and if you want later rules to have priorities (which is... not unreasonable?), they should be added to the _left_ of existing ones (which would explain this behavior). But I'm not sure I've ever seen this happen.

@Fabian Kunze also `{#`

still uses `{`

.

two letter tokens and one-letter-tokens are distinguished before parsing

and if you think "that's a different rule and it can't matter, parsers are compositional" I'm going to go "oh sweet summer child"

but is `{#`

one token?

yes

if it were `'{#'`

, that'd be clearer, but I never got the semantics of `{#`

, and IIRC it's observably not the same.

thats the reason why sometimes, new notation breaks old stuff in horrible ways. e.g. adding a notation with `[|`

breaks all ltac-destruct patterns `destruct n as [|].`

the default is that consequent special characters are one token.

so why is `(⊢@{`

different from `('⊢@{'`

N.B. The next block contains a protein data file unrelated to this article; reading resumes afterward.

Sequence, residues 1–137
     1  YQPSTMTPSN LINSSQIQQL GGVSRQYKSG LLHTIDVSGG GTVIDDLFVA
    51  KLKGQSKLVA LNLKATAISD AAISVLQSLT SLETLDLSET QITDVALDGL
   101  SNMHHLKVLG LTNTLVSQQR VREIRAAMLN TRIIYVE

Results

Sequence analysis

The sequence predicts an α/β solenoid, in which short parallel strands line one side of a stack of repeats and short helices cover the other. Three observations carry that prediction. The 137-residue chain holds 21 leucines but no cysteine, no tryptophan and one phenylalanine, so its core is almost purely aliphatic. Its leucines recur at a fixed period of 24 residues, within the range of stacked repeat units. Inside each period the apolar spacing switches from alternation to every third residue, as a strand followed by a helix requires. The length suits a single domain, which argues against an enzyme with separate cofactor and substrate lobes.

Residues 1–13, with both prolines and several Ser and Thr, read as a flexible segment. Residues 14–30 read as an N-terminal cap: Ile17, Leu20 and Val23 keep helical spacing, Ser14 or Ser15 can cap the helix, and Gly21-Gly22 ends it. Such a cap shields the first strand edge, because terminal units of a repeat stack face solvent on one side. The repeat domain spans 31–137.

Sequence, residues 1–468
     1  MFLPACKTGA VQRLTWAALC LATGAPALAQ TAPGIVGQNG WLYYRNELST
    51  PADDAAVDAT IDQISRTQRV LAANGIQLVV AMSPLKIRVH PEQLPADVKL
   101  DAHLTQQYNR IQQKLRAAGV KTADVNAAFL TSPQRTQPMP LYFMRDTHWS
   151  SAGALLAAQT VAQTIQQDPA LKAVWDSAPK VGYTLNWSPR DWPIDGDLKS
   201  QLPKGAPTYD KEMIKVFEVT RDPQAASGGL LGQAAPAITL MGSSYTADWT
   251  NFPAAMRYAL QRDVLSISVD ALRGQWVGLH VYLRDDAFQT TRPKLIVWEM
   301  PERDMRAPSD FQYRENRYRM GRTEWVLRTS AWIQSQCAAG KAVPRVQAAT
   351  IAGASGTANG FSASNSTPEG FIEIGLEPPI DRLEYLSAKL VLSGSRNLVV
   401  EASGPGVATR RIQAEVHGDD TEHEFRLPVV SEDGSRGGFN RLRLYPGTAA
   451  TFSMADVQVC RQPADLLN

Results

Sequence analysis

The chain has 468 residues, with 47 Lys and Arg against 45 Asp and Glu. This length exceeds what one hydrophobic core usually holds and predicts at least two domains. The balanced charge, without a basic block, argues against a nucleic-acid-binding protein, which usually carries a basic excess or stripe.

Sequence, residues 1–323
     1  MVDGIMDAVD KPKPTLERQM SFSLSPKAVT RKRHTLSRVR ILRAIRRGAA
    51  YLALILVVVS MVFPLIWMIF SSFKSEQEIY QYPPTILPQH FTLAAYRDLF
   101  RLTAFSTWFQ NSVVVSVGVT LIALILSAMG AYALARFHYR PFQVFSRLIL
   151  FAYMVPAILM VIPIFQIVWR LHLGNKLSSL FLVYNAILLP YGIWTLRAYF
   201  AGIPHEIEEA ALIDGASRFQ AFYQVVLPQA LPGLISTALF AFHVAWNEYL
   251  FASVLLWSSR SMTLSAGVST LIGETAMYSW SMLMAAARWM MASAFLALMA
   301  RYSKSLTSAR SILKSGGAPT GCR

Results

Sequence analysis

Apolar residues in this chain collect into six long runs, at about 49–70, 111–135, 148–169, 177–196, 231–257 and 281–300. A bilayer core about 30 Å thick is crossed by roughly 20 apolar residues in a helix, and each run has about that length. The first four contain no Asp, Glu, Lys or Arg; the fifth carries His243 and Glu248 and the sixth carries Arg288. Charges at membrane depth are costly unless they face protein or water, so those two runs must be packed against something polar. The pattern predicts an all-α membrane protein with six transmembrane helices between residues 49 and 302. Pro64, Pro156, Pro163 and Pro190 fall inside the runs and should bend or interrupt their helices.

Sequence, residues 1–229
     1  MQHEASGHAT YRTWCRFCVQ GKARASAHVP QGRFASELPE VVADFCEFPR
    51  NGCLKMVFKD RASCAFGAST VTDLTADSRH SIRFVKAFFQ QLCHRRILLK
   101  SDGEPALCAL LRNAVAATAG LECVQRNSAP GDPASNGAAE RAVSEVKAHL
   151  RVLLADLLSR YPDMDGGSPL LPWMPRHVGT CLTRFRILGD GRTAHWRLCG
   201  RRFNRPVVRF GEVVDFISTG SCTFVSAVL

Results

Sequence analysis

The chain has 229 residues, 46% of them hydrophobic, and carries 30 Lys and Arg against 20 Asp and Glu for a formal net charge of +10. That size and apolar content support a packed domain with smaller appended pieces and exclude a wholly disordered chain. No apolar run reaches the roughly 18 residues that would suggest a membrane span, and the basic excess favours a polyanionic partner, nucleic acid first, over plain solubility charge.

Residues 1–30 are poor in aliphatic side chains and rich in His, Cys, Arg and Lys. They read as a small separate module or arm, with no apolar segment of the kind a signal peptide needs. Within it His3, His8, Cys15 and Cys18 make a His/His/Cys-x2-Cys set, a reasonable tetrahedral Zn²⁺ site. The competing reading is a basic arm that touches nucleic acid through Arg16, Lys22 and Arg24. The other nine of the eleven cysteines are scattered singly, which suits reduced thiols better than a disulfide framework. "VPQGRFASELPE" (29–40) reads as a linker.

?

ah, maybe the 2nd produces _two_ tokens

the former is one token and the later two I think. `''`

always forces a own token afaik

I've indeed observed `[|`

breaking things, but I've never found good docs IIRC

While we are at it: if one wants to use two tokens but print them nicely, one can of course split the tokens and declare that printing should omit the space.

This here makes nil parse as `[| |]`

, but does not screw up other notations:

`Notation "[ | | ]" := (nil _) (format "[ | | ]"): vector_scope.`

(notice the two spaces inside the middle of the `format`

string)

I've done that to `Notation "[ | P | ]" := (only_provable P) (format "[ | P | ]").`

hm, I guess https://coq.inria.fr/refman/user-extensions/syntax-extensions.html#basic-notations arguably documents that, except it's not clear what's the difference between tokens and literals

Thanks @Fabian Kunze. That does indeed work :D

To me it seems kinda backwards. We want Coq to _first_ try parsing with the `l ↦ dq v`

rule and therefore we move it _last_? :thinking:

maybe it's a stack ;)

That's exactly how shadowing works and should work, e.g. `let x = foo in let x = bar in x (*bar*)`

I doubt notations are 100% lexically scoped, but they're also made available by `Import foo`

.

However: I'd recommend `Print Grammar constr.`

(and maybe `Print Grammar dfrac.`